Student loan debt and Millennials. In news headlines (and meme culture), the two seem to go hand in hand. But Millennials are far from the only age group feeling the pain.
Sure, Millennials (born in the mid-1980s through the mid-1990s) hold 48% of the $1.49 trillion in outstanding student loans, but the student loan debt crisis actually spans generations. In fact, Gen X (born in the mid-1960s through the early 1980s) carry 34% of student debt and Baby Boomers (born between 1946 and 64) carry 12%.
And there’s another issue that’s often left out of the student debt conversation. The fastest growing age cohort of student loan borrowers is probably not who you expect: It’s those 60 years and older.
Whether planning to go back to school yourself or fund your children or grandchildren’s educations, it’s important to know that the number of senior student-loan borrowers has more than doubled in the past decade. And the outstanding loan balance has grown from $6.3 billion to more than $86 billion (!) — an increase of more than 1,256%.
These numbers are staggering, but it’s not a fate you’re destined to. With careful planning, mindful saving, and strategic payments, you can avoid student loan debt (whether your own, your kids’, or your grandchildren’s) before you have to delay your golden years because of school debt.
Start saving ASAP.
Nobody wants to see their child or grandchild graduate college only to shoulder massive amounts of education debt, but that doesn’t mean you can afford the financial burden yourself. If you’re helping carry some or all of the costs of college for your progeny, the number one way to avoid education debt is to start building a college fund as early as possible. It’s never too late to start saving and any money you put aside now is bound to come in handy later on.
Plenty of education-focused savings account options exist to make this more manageable. Two of the most popular are 529 plans and Coverdell Education Savings Accounts (formerly known as Education IRAs). Like with saving for anything, the earlier you start putting money away, the more time it will have to grow.
Don’t immediately apply for the loan (or raid your retirement).
Before resorting to making withdrawals from your retirement fund (which could cause you to incur a financial penalty) or taking out a Parent PLUS loan for your child’s education, first take advantage of all other aid options. Have your child complete the Free Application for Federal Student Aid (FAFSA) so they’re eligible for grants, work-study programs, and federal loans.
Not taking the time to apply could mean missing out on free money. In fact, 2018 graduates who would have been eligible for Pell Grants lost out on an average of nearly $4,000 by not completing the FAFSA. And in total, the class of 2018 left $2.6 billion on the table by not completing the application.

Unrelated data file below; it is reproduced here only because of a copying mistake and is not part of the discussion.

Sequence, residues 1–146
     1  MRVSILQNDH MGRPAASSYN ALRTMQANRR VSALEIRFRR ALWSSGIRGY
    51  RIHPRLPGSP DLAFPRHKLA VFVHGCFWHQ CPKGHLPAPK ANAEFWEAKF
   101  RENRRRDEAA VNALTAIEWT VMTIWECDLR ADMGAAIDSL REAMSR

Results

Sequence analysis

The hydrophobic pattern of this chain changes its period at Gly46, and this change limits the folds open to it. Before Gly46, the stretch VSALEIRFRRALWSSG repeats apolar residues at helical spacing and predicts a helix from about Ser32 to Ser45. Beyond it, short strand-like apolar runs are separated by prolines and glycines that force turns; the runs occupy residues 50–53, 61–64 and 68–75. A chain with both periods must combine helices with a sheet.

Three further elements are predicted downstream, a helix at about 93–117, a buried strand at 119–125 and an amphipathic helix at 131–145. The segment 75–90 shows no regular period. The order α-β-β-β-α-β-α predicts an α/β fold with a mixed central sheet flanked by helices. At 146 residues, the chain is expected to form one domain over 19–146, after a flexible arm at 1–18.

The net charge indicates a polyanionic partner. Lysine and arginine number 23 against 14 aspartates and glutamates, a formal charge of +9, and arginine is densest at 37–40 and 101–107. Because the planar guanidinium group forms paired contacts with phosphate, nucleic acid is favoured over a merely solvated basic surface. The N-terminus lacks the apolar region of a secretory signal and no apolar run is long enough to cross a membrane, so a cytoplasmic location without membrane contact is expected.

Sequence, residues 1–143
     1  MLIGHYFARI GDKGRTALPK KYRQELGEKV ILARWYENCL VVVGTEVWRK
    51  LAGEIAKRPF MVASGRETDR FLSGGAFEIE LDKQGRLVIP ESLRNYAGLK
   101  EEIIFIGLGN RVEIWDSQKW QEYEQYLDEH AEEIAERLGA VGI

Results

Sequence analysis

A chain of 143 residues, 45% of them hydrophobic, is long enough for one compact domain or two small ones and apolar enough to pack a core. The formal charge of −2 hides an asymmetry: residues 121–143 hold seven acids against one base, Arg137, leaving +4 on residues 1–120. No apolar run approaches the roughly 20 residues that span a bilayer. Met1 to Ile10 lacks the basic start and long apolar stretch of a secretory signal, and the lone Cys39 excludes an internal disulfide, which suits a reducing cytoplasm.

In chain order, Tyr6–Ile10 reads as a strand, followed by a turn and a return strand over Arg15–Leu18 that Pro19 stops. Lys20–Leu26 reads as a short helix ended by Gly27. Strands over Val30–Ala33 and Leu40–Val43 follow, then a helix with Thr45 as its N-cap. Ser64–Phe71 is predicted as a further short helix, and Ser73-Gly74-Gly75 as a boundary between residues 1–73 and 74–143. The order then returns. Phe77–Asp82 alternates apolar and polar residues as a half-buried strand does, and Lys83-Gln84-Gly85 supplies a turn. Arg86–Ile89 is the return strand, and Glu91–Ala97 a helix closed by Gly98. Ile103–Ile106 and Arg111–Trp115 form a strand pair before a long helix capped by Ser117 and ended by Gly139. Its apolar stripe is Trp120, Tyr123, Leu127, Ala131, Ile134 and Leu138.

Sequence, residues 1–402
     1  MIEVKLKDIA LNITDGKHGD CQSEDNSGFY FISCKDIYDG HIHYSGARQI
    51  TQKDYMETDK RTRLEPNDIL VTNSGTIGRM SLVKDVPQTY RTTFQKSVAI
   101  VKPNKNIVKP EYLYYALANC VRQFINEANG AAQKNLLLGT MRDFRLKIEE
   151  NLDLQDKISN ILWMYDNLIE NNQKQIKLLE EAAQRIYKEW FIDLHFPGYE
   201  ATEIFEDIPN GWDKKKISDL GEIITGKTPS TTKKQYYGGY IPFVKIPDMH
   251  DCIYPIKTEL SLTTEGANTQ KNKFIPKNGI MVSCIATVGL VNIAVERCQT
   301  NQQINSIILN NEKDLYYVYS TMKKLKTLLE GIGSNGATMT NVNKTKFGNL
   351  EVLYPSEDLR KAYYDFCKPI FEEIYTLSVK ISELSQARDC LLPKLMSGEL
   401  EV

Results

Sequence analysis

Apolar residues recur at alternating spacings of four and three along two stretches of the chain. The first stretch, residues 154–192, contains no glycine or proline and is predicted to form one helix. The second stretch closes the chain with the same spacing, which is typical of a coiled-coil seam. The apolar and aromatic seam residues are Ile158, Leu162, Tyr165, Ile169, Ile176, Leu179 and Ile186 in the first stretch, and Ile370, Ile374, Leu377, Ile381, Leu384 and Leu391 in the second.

Pro tip: Remember to re-file your FAFSA each school year. It only takes about 30 minutes.
Limit loan amounts.
If you take out a student loan for yourself, your child, or your grandchild, set reasonable borrowing limits for yourself. Consulting with a financial advisor can help you determine how large of a loan a bank might give you, but a general rule to follow is to borrow no more than your household’s annual income (in total — not per student).
Do not default if possible.
Defaulting on loans becomes more common as borrowers age, but defaulting on a student loan during retirement can be highly detrimental. The federal government may withhold tax refunds, garnish wages, or partially withhold Social Security payments up to 15% to pay back student debt. If you are in danger of defaulting on your loan, you may consider an alternate repayment plan.
Consider an income-driven payment plan.
If you’re struggling to repay student debt later in life, you may be eligible for one of the federal government’s income-driven repayment plans to make your payments more manageable. The plans offered are:
- Income-Based Repayment
- Pay As You Earn
- Revised Pay As You Earn
- Income-Contingent Repayment
While each has its own distinctive qualities (including income and timeframe limits), all four income-driven repayment plans have two things in common. First, each caps payments between 10 to 20% of your discretionary income. Second, your remaining loan balance is forgiven after 20 or 25 years of timely repayment. You can apply at studentloans.gov or through your loan servicer.
With 3 million Americans over the age of 60 paying off student loans, it’s clear that this debt knows no age limit. But by planning well and in advance for your own or your family’s higher education, borrowing smartly, and utilizing a manageable payment plan, you can avoid burdensome student debt, regardless of your age.